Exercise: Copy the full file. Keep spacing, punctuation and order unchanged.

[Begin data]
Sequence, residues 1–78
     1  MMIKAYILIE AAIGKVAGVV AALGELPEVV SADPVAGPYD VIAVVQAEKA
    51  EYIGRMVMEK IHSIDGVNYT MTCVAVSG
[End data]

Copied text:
Sequence, residues 1–78
     1  MMIKAYILIE AAIGKVAGVV AALGELPEVV SADPVAGPYD VIAVVQAEKA
    51  EYIGRMVMEK IHSIDGVNYT MTCVAVSG